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Executive summary

revised: 12-Dec-02
Copyright  © 2001, 2002

BioinfoTools aims to produce bioinformatics tools with three overall aims:

1. Shift the emphasis of the bioinformatics development from "how" to "what",

2. Provide general-purpose "engines" to aid developing bioinformatics tools,

3. Provide advanced methods for protein sequence & structure analysis.

These three aims are outlined in more detail in the sections that follow. An important element of the first two aims is to assist users to develop their own bioinformatics strategies, allowing them to focus on what they want from bioinformatics rather than being locked into a fixed list of capacities defined by the software. As all these aims are met by the bioinformatics software industry, these are likely to lead to a changing of the "position" of bioinformatics within companies. (This may be explored in an up-coming Ruminations column.)

Dr. Jacobs founded BioinfoTools as a vehicle for independent bioinformatics software development to exploit his more than a decade of experience in bioinformatics to produce the software tools he feels the field badly needs. In addition, Dr. Jacobs is open to requests for contract software development and consulting within his areas of expertise, as discussed in the FAQ on this topic.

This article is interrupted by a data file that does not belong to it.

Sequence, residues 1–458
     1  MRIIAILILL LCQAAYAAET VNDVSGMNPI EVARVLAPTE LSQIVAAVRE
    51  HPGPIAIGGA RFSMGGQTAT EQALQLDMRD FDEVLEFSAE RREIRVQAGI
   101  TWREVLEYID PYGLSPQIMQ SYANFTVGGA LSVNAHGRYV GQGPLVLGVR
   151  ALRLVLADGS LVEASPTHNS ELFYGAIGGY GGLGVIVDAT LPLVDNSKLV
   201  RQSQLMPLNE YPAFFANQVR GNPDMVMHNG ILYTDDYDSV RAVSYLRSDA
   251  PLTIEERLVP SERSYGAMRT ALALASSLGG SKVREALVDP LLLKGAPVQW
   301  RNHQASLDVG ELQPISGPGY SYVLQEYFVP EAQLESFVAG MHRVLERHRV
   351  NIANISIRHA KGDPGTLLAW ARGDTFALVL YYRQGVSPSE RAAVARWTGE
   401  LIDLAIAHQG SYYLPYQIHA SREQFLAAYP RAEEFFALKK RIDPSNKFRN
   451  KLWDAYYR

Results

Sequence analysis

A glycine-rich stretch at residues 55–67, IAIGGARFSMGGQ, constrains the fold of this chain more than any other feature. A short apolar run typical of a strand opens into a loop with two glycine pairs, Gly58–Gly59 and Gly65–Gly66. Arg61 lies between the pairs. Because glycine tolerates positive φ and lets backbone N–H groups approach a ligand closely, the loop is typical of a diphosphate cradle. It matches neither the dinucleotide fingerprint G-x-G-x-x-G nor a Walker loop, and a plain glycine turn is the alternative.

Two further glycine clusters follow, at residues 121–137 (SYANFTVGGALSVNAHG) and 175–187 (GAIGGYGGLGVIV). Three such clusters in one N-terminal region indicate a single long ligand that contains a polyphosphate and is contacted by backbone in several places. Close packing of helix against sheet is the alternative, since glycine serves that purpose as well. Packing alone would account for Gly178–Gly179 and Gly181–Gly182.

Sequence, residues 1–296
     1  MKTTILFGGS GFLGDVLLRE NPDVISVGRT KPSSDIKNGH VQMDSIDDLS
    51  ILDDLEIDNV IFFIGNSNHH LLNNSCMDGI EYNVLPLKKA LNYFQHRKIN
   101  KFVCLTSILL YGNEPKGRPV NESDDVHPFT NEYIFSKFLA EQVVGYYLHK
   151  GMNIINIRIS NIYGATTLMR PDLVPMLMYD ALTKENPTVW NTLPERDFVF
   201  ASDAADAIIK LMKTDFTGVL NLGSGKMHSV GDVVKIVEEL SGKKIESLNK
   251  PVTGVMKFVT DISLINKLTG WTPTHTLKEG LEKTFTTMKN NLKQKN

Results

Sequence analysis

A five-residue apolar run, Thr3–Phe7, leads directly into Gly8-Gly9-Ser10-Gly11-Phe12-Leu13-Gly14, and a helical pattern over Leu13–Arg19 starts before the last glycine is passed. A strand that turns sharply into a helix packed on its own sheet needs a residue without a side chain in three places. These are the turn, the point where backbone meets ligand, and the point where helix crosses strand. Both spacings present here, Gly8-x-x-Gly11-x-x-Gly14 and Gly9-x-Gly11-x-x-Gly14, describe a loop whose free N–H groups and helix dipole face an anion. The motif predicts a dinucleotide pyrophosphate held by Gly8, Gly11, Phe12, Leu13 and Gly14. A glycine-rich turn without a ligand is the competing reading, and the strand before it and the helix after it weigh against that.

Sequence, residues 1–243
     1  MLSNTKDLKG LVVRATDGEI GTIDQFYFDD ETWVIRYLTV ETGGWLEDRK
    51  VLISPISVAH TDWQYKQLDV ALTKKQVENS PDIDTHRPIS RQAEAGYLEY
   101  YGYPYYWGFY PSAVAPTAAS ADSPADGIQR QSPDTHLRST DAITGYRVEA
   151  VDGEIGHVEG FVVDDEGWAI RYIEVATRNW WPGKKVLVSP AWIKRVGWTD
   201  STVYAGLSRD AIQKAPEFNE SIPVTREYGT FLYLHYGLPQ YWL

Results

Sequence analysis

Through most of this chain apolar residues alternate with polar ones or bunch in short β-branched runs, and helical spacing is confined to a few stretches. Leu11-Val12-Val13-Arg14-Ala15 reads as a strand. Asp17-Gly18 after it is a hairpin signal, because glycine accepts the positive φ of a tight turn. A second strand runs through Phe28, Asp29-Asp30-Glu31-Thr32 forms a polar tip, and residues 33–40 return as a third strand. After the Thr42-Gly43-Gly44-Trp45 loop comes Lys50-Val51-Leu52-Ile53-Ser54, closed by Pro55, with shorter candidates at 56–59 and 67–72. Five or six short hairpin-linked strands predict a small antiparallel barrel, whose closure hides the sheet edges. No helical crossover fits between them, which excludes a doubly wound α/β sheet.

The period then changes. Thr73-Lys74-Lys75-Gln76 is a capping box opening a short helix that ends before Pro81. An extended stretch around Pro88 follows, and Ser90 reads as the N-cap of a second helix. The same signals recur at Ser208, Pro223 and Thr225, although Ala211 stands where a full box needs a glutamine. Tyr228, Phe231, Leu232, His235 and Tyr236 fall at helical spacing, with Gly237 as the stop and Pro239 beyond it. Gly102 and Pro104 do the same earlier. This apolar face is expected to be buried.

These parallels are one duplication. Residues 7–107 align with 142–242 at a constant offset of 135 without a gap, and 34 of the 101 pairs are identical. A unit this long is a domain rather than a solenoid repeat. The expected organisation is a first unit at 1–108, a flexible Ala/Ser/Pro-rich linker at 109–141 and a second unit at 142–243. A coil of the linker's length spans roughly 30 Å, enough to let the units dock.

Shifting the emphasis of the bioinformatics development from "how" to "what"

Bioinformatics in a biological research environment presents something of a contradictory problem. We'd all like to do exactly the bioinformatics science we have in mind. But if we really were to do that we'd likely have to write all of the software ourselves. Writing software in-house is time-consuming and costly, even though we would get a product tailored to our particular needs.

It could be more time- and cost-effective to purchase a software package written by a bioinformatics specialist. However, we immediately become locked into the specific capabilities of their software - what particular list of tasks it can do - and how to persuade it to do what we wish to using that list of tasks. "Ready-made" bioinformatics tools tend to present a fixed suite of generally slightly out of date methods rather than a system which companies can use to build up their own bioinformatics strategy, thus meeting their particular needs and thus strengthening their particular niche.

Every company is different and wishes to differentiate themselves from their competitors. Its hard to differentiate your bioinformatics effort from rivals if you use nothing but "standard" tools.

A two-part solution is to use commercial packages for core, standardized, protocols and specialist bioinformatics development tools like those BioinfoTools is creating to develop your unique in-house methodology.

What makes in-house bioinformatics unique in most cases, is processing in-house-generated data, which is either unique to the company or being applied in a unique way or to a unique problem.

What is required are tools which allow staff to easily manipulate their data, allowing them to focus on what bioinformatics they want done, rather than how to implement the processes or methods needed to do that bioinformatics.